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Hi AllReally would appreciate your feedback on this issue.
Got a investment property with so much equity in it that I should really sell it and release the capital.At 28%, this exposes me to a whopping great CGT bill off £120,000.
I've been told that, i can move into the property and make it my MAIN residence for 18mths, then sell it with ZERO Capital Gains payable. Is this true?
If so, what are the steps that I need to take to ensure HMRC are satisfied.
If you have lived in a property for any period of time, you get what is known as PPR relief.It would reduce your GGT liability, but not get rid of it completely. If in doubt, you can just ring HMRC and they will advise you, but I do not believe what you were told in your original post is correct.Also, if you liken your investment property to a cow, I really struggle to see why you would wish to sell it.You can milk it for equity while still keeping the cow. Just get a remortgage to a higher loan to value, a further advance, or a second charge loan to release the equity.If it is a significant amount of equity, you may even be able to bridge against it and essentially take out a large chunk and use that to buy another property for cash. Then you can take out a mortgage on that new property and redeem the bridging loan.If you contact the team at PT Brokers on 0333 363 6507, they will advise you how to access the equity without selling the asset.Here's a summary:Selling the propertyIncur CGTSelling costsLose an income-producing assetIf you don't sell quickly, potentially ending up with a void property while you're waiting to sell as tenants may well hand in their notice when they hear that you are selling.Keeping the property and releasing equity:No CGTNo selling costsKeep the asset to carry on producing income and maybe accrue more equityNo up-setting of tenantsHope that helps bring clarity to your options?P.s. There is one other option and that is sell the property to a REIT for a combination of shares and equity. Learn more here - BTL REIT
Vanessa Warwick Landlord and Co-Founder of PropertyTribes.com **If you have got value from Property Tribes, find out how you can support it in remaining a free to use community resource**
Totally here what you’re saying but surely remortgaging simply means you’re just increasing your borrowing, increasing the mortgage and reducing the yield.Actually the amount of Equity I'd like to take out would probably mean the rent wouldn't cover the Mortgage, hence selling would be the best option.
Won’t have any voids etc. as I’d physically move in to the rental making it my Main residence and rent out my current house.that's if this strategy is viable of course.Is there any other strange or unusual ways to considerably minimize the CGT hit?
Try this thread...
Hi - it depends on a few things.
First of all -
Did you live in the property before letting it - and for how long?
What was the date of purchase?
The purchase price plus legals and stamp duty etc?
Cost of improvements to the property?
Potential sale price?
Do you own another property where you've been living before and during owning, letting and living in the BTL property?
If you lived there prior to letting, you could be eligible for lettings relief up to £40k.
To get any CGT exemption under the ppr rule, you will need to have lived in it as your main home prior to letting or afterwards or both.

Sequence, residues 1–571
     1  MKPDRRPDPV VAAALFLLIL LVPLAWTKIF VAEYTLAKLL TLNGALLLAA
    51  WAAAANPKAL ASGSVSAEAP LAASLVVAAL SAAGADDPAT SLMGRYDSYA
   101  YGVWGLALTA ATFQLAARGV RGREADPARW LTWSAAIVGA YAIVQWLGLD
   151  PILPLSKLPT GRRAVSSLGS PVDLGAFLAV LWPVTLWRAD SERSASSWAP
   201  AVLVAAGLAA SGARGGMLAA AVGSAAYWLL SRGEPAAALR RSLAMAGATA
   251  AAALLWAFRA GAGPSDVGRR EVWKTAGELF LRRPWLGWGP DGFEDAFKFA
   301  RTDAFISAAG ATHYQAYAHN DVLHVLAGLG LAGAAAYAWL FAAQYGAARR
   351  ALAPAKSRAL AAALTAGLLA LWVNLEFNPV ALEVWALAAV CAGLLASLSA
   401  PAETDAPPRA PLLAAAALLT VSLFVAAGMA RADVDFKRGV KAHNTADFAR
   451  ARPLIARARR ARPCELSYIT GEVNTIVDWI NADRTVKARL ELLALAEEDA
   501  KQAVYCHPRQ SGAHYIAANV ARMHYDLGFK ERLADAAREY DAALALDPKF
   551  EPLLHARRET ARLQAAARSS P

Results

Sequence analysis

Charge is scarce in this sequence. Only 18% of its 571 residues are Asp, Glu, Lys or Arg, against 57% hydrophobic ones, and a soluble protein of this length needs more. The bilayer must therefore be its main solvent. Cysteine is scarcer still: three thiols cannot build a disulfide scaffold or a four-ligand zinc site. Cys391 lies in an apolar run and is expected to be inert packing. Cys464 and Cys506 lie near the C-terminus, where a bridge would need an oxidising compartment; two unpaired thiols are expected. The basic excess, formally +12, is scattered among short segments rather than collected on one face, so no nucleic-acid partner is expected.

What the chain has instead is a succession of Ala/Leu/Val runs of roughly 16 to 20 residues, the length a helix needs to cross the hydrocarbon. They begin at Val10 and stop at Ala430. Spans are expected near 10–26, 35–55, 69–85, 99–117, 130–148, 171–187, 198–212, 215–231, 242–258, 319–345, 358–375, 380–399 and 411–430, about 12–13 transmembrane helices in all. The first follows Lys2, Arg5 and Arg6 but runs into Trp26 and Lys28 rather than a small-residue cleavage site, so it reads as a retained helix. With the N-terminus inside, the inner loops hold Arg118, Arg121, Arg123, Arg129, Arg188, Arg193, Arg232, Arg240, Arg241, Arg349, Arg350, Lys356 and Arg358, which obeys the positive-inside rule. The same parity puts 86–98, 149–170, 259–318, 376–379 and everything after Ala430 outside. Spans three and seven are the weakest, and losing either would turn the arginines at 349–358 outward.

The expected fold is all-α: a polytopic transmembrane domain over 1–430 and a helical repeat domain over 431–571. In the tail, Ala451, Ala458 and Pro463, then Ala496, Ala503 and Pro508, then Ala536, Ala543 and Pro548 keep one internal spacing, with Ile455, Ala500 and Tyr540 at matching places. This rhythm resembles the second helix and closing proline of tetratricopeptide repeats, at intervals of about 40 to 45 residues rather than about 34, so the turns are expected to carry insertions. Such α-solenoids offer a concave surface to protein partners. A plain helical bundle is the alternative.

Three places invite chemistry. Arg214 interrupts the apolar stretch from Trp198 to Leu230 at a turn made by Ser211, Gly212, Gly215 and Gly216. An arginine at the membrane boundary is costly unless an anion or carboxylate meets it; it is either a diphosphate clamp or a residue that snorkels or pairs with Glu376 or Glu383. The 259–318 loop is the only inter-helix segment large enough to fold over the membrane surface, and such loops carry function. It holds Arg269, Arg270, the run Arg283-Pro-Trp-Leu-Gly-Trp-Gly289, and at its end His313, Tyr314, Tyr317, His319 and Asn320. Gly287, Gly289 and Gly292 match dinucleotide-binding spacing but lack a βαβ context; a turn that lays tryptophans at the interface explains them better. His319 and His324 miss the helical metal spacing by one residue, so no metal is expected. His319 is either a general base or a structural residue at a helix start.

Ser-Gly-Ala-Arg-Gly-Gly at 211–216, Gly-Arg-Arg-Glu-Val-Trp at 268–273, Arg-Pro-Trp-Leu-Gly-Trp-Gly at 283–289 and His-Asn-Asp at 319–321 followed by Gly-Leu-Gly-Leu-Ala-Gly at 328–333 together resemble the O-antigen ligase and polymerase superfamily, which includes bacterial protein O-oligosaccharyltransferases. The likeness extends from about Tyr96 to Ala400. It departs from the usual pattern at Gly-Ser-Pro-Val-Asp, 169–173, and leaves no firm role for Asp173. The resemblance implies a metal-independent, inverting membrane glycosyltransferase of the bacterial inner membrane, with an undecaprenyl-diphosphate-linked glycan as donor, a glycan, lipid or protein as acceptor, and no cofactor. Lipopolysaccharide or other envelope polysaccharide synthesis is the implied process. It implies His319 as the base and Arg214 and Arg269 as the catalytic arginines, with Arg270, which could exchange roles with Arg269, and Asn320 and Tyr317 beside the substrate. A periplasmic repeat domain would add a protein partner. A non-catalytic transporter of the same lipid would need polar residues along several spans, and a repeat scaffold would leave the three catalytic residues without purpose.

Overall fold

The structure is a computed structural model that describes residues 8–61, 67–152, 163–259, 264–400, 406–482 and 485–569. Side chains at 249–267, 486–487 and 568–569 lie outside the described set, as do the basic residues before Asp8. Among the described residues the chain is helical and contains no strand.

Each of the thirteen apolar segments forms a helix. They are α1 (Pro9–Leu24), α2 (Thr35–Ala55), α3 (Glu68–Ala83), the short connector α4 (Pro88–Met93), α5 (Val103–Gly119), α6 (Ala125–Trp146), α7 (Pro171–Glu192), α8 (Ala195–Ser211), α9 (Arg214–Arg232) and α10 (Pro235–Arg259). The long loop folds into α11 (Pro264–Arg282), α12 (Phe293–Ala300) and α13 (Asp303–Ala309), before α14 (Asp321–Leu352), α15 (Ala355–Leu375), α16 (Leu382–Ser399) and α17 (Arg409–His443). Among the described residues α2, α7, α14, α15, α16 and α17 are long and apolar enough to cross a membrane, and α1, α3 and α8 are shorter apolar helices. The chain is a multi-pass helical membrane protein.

So, how long do you envisage living there before selling?
bought the property back in 1999 hence have quite a bit of Equity in the property.Never lived in it as my main residence.
Reason for selling:-Release the Equity but buy back another at a cheaper price (in Europe, North of England) etc with similar yield.Win win situation. So, I'd realised all the Equity so I actually use it and totally enjoy my life without damaging the income.If I buy back wisely, I should keep the legal and stamp costs down to a low. Minimising, or avoiding the CGT hit compensates for all the disadvantages as its a £120k bill.
I'm sure our friendly tax expert, Debbie Franklin, will be on here soon to put you straight but, from the little bit of info you've given, I don't think it's going to work out as you'd like it.
The best that you're going to achieve by living in the property as your PPR is, perhaps, that you might be there for, say, 6 months, which (I think?) could entitle you to the last 18 months of ownership tax free. So, assuming you buy in Feb 1999, move in Aug 2018 and sell Feb 2019 you'd have made £430k but, after deducting all costs of £50k, that drops to a £380k gain. Divide that by 20 yrs = £19,000 gain per yr minus £28,500 for the last 1.5 yrs = £351,500 less 2 lots of £11,700 allowance = £328,100 to tax @ 28% = £91,868.
Take this purely as a bit of food-for-thought from someone who's only got a little knowledge about tax so you should really get some proper advice and guidance. As I mentioned before, that will probably come from DF and I reckon PT's tax advice partners, RITA, will also be along soon too.
Almost there but also letting exemption of the lower of the PPR relief and £40,000 per owner.
Conversion to FHL for a while mentioned below could work to get 10% tax rate.
Director of Tax Peplows Limited
CTA ACA FCCA
re fhl, what are the requirements eg for how long? are there occupancy rate requirements?
I can e mail you a factsheet if you e mail email@example.com?
Thanks Debbie - I knew you'd come in to help.
Wow, £40,000 letting exemption per owner!
But would a married couple count as 1 owner?
And the exemption still allowable when you haven't lived there before letting?
Also, sorry, I missed the FHL bit. But how long would that need to be?